5th UF Water Institute Symposium Abstract

Submitter's Name Oren Ehrlich
Session Name Achieving Behavior Change: Public perceptions and awareness of water conservation issues 2
Author(s) Oren Ehrlich,  Self (Presenting Author)
  Xiang Bi,  University of Florida
  A Latent Class Analysis on Public Attitudes Towards Water Resources in Florida: Implications for Recreational Demand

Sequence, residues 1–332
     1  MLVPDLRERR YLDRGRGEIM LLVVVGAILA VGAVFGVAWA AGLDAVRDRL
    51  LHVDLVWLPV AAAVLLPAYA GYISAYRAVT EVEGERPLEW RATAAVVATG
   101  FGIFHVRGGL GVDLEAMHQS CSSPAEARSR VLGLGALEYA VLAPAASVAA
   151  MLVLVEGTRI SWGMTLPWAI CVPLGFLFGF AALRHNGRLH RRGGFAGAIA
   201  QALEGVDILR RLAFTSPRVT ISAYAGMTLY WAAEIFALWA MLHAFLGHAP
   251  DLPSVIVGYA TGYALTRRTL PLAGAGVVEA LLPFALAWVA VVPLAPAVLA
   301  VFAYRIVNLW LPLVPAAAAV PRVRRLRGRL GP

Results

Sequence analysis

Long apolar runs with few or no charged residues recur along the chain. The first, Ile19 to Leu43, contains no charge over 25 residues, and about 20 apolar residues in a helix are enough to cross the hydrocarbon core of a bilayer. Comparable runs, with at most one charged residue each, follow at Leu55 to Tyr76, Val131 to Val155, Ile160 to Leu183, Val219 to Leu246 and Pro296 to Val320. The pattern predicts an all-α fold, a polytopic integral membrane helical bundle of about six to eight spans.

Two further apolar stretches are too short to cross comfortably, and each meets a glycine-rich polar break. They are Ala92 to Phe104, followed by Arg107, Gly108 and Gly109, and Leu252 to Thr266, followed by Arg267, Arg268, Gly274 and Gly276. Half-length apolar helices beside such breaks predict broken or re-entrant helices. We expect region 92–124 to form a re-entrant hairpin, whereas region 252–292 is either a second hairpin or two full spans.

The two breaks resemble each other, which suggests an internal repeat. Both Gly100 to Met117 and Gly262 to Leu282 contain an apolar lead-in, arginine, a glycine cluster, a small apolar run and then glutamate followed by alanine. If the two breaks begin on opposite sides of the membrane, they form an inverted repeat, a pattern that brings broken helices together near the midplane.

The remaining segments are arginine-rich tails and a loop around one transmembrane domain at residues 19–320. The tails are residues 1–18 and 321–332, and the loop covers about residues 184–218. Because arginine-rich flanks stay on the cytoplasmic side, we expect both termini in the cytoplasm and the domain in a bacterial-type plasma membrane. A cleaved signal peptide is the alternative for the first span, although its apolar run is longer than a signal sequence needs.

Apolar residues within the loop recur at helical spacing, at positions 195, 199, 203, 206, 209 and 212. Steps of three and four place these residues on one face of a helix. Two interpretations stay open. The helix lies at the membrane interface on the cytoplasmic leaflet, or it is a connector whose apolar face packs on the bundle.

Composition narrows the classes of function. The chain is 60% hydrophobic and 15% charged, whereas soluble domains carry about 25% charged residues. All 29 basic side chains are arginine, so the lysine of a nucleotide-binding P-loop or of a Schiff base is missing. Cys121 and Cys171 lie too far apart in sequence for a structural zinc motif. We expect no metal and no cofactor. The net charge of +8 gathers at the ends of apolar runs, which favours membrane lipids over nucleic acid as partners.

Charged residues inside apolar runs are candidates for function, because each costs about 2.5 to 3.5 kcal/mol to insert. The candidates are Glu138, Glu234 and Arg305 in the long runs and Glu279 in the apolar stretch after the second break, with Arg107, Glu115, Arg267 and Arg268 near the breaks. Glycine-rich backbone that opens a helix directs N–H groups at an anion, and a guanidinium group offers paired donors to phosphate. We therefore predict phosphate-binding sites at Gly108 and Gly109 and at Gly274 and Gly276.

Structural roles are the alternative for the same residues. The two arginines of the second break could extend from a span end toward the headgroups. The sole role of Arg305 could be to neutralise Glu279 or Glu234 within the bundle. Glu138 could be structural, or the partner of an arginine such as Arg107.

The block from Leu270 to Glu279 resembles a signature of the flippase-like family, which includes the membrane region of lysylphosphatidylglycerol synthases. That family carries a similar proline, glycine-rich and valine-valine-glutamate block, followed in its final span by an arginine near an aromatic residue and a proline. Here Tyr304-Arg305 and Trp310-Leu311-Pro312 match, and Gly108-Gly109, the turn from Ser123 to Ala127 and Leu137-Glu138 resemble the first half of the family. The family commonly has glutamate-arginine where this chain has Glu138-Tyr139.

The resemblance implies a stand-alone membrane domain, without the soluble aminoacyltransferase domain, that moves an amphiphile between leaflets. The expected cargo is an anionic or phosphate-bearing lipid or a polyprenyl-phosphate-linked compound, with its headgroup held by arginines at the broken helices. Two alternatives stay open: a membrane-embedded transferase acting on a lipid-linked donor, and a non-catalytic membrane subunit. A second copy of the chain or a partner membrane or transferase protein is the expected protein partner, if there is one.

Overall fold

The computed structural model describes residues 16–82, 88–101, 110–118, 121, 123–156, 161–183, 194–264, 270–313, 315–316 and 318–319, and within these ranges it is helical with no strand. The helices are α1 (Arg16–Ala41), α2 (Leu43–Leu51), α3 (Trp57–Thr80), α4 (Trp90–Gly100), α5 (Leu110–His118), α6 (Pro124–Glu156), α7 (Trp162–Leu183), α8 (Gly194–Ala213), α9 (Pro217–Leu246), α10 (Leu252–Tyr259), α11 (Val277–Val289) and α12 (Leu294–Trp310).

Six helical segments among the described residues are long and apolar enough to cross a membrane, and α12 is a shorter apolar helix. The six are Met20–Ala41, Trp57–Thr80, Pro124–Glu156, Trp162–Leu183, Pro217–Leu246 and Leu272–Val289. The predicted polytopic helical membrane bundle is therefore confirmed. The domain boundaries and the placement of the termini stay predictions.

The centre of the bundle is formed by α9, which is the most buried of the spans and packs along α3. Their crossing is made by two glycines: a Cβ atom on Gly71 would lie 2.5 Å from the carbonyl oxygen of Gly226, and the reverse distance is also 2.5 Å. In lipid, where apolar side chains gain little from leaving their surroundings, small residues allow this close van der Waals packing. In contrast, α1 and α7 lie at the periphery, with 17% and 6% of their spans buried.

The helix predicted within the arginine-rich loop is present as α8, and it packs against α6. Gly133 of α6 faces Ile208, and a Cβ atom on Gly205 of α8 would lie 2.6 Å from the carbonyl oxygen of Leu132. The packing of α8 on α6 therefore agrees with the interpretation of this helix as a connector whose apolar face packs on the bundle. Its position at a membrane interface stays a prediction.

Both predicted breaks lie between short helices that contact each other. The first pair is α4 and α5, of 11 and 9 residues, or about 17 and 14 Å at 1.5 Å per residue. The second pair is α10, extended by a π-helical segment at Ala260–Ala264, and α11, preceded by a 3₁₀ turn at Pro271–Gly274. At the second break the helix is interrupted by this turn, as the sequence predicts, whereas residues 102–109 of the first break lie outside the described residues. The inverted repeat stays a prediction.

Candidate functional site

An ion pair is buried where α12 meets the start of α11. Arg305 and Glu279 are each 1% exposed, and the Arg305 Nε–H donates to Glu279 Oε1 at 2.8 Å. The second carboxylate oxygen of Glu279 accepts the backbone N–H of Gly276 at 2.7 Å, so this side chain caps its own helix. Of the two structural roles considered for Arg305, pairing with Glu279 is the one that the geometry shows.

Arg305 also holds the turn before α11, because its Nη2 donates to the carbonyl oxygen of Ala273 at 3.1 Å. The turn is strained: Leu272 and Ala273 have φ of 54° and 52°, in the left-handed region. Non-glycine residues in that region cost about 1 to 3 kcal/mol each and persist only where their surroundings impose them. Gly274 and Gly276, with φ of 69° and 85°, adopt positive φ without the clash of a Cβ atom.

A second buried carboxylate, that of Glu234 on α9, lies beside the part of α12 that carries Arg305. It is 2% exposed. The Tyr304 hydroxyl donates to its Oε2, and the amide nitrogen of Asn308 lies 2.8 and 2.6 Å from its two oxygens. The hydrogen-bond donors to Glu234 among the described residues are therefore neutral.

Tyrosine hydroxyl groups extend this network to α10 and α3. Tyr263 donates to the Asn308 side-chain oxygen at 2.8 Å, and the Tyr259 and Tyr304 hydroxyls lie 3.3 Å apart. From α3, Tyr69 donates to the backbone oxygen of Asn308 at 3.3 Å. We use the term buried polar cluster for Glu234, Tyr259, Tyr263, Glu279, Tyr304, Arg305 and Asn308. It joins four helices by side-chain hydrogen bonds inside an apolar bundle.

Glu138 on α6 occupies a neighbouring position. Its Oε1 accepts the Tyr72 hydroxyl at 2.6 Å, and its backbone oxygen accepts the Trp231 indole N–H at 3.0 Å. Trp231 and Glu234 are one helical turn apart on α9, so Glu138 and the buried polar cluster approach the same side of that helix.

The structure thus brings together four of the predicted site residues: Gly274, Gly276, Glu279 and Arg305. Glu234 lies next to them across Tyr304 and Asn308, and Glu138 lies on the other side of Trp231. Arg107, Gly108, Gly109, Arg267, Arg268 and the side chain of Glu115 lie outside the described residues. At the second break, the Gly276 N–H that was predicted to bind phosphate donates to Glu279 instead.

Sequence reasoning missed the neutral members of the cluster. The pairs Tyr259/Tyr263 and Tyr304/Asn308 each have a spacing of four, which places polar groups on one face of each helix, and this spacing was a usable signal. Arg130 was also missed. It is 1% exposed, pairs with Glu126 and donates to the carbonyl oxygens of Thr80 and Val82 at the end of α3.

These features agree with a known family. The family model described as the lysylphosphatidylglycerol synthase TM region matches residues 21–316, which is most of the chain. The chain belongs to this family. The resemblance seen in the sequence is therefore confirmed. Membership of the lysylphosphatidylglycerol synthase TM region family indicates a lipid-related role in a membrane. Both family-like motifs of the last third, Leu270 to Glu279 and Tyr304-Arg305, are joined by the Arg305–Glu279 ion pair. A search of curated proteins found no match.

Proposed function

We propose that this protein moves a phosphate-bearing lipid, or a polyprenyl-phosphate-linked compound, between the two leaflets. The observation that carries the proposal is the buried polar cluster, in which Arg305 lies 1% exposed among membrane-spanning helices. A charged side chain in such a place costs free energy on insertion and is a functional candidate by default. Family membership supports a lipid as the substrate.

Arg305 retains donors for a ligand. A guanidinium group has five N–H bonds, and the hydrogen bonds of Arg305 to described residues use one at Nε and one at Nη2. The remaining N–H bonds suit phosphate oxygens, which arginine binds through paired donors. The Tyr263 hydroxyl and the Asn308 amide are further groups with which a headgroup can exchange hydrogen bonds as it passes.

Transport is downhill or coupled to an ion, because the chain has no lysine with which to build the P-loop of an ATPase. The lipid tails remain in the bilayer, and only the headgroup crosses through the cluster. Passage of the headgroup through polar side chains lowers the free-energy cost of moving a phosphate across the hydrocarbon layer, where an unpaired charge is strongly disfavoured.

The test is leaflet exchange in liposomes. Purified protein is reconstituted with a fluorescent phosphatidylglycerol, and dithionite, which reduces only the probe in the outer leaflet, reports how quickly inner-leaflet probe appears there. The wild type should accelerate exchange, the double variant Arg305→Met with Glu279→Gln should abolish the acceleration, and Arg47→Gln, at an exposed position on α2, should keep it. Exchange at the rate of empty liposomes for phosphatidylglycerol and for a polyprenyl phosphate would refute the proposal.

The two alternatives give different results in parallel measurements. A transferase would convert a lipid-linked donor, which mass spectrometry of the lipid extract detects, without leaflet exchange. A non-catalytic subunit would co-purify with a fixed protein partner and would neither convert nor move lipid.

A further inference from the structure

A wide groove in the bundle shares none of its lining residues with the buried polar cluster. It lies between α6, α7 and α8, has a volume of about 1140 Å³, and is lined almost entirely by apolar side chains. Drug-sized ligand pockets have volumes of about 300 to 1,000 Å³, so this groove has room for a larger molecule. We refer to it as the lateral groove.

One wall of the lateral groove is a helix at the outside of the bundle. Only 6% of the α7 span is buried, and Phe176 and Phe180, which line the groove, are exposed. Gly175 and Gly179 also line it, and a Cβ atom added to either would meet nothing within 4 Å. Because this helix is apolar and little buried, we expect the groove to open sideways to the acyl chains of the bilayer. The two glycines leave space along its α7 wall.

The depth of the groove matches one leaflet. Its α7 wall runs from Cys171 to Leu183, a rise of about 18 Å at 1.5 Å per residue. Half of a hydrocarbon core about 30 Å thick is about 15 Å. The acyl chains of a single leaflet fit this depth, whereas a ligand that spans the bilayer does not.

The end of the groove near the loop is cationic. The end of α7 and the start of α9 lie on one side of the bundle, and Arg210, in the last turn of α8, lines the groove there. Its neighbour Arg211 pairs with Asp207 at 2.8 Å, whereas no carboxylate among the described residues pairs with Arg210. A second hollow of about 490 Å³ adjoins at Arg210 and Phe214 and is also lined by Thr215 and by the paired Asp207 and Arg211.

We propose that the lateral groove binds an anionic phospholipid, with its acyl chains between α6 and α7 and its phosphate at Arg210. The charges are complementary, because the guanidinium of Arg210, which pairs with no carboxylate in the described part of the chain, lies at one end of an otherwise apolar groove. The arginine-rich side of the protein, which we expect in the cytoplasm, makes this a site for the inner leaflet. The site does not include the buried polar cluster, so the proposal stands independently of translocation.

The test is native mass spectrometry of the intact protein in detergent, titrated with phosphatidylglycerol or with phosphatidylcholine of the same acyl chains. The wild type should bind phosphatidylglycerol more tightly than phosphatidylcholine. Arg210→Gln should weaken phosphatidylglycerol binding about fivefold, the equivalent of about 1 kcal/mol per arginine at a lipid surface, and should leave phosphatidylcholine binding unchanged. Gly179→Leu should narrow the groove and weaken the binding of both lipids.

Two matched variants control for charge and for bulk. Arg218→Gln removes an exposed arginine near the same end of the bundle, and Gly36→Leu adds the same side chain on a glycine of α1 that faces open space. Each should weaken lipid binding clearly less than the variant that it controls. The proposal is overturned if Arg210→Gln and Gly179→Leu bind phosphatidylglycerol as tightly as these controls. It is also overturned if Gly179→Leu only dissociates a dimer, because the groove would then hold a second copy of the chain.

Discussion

The recent development on nonmarket valuation has focused on identifying preference heterogeneity and examining its impact on willingness to pay. The objective of this paper is to examine the extent to which heterogeneous environmental attitudes influence demand for freshwater recreational activities and valuation of freshwater recreational benefits. We focus on the longest river in Florida, the St. Johns River, and use a telephone survey of Florida’s residents to elicit information regarding household outdoor recreational experiences on the river. Additional information about respondent attitudes and perceptions about Florida’s water resources and natural resource policy are also collected. We use latent class analysis to reveal two distinct classes based on their environmental attitudes and perceptions. We then estimate a recreational demand model with respect to travel costs to the river, household income, perceived water quality of the river, and respondent’s environmental attitudes for each latent class. We find that the willingness to pay estimates for improved water quality are statistically different for the two classes. We contribute to the literature by emphasizing that environmental attitudes directly influence consumer’s recreational demand and valuation of the river thus should be taken into consideration for managing water resources.